White House economic adviser Christina Romer said on Thursday that the $787-billion U.S. stimulus program was stabilizing the economy despite unacceptably high job losses.
Romer, chairman of the Council of Economic Advisers, delivered a lengthy defense of the Obama administration's stimulus program before the Economic Club of Washington, saying the spending impact will grow over time.
But she acknowledged that a report on July unemployment, to be issued by the Labor Department on Friday, was likely to show the economy continued to shed hundreds of thousands of jobs.
It is unacceptable, Romer said, but cautioned: Unfortunately, even once GDP (gross domestic product) begins to grow, it will likely take still longer for employment to stop falling and begin to rise.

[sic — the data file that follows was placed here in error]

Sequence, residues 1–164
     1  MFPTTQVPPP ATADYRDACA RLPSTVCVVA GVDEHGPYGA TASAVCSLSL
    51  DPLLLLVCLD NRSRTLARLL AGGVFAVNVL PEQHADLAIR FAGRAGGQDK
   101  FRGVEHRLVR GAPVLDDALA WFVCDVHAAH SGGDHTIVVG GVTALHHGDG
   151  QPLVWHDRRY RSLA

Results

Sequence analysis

Romer said that since the stimulus program was started, an economy that was in freefall has stabilized substantially, and now looks as though it could begin to recover in the second half of the year.
She said that the impact of stimulus spending should increase in coming quarters, aiding a recovery. We expect the fiscal stimulus to be roughly $100 billion in each of the next five quarters, Romer said.
Nonetheless, recovery is likely to be a long, hard process because it will take some time to get the unemployment rate down to normal levels, she said.
The bottom line is that we are no doubt in for more turbulent times, Romer said.